So, I finally took the plunge into garden furniture.
I’d been worrying about my garden terrace, and how I was telling everyone viewing my online house-for-sale ad that it was ideal for eating out. Except the photo showed it didn’t have a table-and-chairs set to eat out on. My claim sounded hollow. Would I be believed?
Scouring the internet for affordable but reliable and actually weatherproof outdoor furniture was not proving useful. By affordable, I meant almost free – as I’m about as broke as anyone can get, who has absolutely no money. And this stuff costs.
By weatherproof, I mean we have famously changeable weather here on the west coast, but I didn’t want something where you’d have to keep putting on and taking off a rain cover. And who could entertain successfully, with a pile of temporarily discarded green plasticanvas in plain view? It’s a small terrace. Conversation would turn on little else.
Plus, it had to be foldable. In my mind’s eye is a mirage of selling my little house and moving to Portugal, a country I have never been to but which exists in my imagination as green, fertile and, above all, cheap. A country where my old-age pension will buy me rough red wine, olive oil, artisanal bread, ripe tomatoes and a visit from a cleaning lady twice a week. What more could anyone want?
If I bought garden furniture, it would have to translate easily to my Portuguese garden terrace; and that meant foldable, to fit in the campervan I also have to buy in order to get us there, me and Hunzi and my unsaleable guitars.
It’s a complicated mirage, this one.
Finally however a midsummer bargain set appeared in my local supermarket. It was fifty pounds, but my son works part-time in the holidays for the supermarket and has sweetly given me his ‘family-and-friends’ card, that gets me 10 per cent off everything. That’s one in the eye for his mother.
It consisted only of the table, 1.5 metres by 0.75, and four foldaway chairs. No umbrella, but hey. I never like those umbrellas, blowing around, collapsing, pinching your fingers, poking your eye out. And if I change my mind, well, there’s already a hole in the middle just in case.
So I wrestled it home – cars here don’t stop for you, even when you’re crossing the road under a cardboard box that’s bigger and heavier than you are – and commenced to assemble it in the kitchen.
If you thought this was going to be a misery memoir about assembling flatpack furniture, you couldn’t be more wrong. The instruction sheet was perfectly clear and quite approximately translated.
I once had a part-time job as a member of a consumer panel testing and, if need-be, rewriting instructions for flatpack furniture for the B&Q chain. Even though I was fired, for insisting on getting paid, I still know a good instruction sheet. They’re not all as good as this one.
I was pleased, too, to see the set came from Vietnam. I was happy to be contributing a little to their economy, after what our US allies did to them. And it was beautifully made and packaged. The chairs packed top-to-tail in the box were neatly tied together with homely raffia. The sawcuts and joints were perfect. The holes precisely drilled, it all fitted with ease. The bronze bolts were sturdy, none missing – there was even a spare Allen key. And the table doesn’t wobble.
Naturally, for forty-five pounds the set, you are not going to get illegally logged Burmese teak. That costs a little more. It claims to be hardwood, but it’s pretty soft hardwood. The care instructions warn, the grain can open up in dry weather – but never fear, a spot of rain will cause it to close again. And a drop of Danish oil will bring the colour back like new.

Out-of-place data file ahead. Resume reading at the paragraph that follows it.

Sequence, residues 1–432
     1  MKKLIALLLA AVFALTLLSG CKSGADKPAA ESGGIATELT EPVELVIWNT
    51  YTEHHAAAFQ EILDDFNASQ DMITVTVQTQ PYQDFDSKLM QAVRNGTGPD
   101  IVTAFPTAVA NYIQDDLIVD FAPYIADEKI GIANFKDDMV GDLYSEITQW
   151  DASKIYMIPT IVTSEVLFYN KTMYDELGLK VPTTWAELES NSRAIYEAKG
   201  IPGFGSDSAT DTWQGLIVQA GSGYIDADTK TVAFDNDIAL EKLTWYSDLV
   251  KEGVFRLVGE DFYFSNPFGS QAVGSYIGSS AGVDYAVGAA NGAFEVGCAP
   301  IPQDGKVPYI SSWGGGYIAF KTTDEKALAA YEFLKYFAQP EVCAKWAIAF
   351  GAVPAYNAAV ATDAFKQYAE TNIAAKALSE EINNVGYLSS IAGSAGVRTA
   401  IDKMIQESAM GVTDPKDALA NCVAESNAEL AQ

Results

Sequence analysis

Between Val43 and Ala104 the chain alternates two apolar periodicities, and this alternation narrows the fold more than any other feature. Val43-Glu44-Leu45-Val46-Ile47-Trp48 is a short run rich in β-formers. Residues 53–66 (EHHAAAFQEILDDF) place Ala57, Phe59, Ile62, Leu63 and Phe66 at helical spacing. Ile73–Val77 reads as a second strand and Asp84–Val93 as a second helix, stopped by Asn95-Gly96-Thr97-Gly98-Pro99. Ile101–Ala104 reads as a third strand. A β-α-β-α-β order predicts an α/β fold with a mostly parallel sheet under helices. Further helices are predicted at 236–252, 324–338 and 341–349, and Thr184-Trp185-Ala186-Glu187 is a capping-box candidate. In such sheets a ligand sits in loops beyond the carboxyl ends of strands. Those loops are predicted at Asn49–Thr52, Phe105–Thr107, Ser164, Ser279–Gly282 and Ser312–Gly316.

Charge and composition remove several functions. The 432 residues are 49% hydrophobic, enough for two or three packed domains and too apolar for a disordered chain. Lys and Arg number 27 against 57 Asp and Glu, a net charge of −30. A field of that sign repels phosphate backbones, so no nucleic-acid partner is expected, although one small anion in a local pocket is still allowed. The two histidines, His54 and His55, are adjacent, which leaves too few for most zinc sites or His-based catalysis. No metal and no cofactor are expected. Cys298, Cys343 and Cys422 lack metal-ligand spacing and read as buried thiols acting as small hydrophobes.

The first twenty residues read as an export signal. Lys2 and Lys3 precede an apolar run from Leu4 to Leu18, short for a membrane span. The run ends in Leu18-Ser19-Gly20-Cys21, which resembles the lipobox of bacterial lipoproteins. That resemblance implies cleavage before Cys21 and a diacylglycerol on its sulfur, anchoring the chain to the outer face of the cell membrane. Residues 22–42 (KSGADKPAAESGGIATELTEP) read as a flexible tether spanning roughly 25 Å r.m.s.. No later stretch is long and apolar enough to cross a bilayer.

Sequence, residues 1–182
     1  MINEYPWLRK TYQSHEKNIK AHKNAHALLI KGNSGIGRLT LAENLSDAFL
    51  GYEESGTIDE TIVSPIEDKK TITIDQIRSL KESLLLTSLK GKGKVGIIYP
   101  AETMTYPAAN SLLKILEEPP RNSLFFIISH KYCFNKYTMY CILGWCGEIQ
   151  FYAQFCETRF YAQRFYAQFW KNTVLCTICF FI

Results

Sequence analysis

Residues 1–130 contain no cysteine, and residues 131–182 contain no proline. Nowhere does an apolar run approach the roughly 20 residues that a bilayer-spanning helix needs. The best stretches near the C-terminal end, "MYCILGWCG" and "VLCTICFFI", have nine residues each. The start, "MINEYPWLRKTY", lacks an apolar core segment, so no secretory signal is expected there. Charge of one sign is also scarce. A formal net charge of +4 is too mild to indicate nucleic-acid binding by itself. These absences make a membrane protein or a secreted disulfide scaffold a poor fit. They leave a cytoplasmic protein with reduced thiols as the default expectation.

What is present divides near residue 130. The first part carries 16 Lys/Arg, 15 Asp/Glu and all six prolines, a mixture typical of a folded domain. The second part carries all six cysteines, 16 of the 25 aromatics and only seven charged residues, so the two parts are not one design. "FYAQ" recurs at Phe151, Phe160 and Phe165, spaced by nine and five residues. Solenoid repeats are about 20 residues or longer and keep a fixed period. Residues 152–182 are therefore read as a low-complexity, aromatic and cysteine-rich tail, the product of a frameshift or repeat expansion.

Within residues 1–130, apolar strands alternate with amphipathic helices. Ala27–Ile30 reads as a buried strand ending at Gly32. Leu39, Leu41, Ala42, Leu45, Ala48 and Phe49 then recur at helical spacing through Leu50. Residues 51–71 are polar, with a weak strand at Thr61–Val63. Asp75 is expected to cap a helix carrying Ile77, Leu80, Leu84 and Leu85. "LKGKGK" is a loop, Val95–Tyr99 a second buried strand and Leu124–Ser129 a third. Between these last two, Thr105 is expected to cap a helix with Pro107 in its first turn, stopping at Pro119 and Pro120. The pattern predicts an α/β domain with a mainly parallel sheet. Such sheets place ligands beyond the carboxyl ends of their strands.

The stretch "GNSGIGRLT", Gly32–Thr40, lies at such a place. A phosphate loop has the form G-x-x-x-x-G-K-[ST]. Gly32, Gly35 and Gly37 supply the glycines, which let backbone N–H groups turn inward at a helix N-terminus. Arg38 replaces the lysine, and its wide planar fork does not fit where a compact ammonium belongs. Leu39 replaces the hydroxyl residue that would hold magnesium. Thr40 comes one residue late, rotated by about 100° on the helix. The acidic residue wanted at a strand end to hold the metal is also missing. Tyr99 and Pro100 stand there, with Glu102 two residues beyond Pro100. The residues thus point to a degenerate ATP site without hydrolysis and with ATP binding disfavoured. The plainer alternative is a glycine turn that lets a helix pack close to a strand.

So, imagine my disappointment when, sitting out on the terrace having breakfast in the sunshine, I noticed ugly splits were already appearing everywhere in the timber, after only a fortnight. That is, after yesterday’s rain should have caused them to close up again. We don’t get the monsoon here, maybe our rain isn’t sticky enough.
I noticed, too, that there were three chairs permanently unoccupied. I am the only person who ever sits here at this table, waiting for someone to come along and buy it, along with the free house. I don’t know anyone else who might want to come and try out my garden furniture, this empty signifier of instant, agreeable companionship and alfresco hospitality.
Not being a ‘couple’ has lots of disadvantages, when everyone else is partnered even friends find it awkward to visit you. Speaking of ugly splits, might you eye-up their partner? Will she eye you up? Apart from green plasticanvas heaps, what are you going to talk about? In an asymmetrical three-way conversation, chances are someone is going to be left out, bored. Do they need to hear the story of your divorce, again?
And no prospective buyer has set foot in my house, on my garden terrace, with its patio set and supermarket miniature olive tree in a pot, ideal for eating out à la Méditerranéan, since last October.
Even I’m no longer impressed with my garden furniture set, the bloody thing is just in the way, rotting, splitting, taking up space pointlessly on the terrace. Forty-five quid could have got me six bottles of wine, maybe eight with the 25 per cent bulk discount offer, in addition to my ‘friends-and-family’ card.
There are no ‘friends-and-family’, they’re yesterday’s mirage. It’s just me and the dog, sometimes the scrappy little cat, or the demented thrush from next-door, yammering at us from on top of the fence; the constant ocean-roar of the traffic and my ludicrous, addled imagination, playing tricks.
There are no bargains to be had anymore, in the garden furniture department.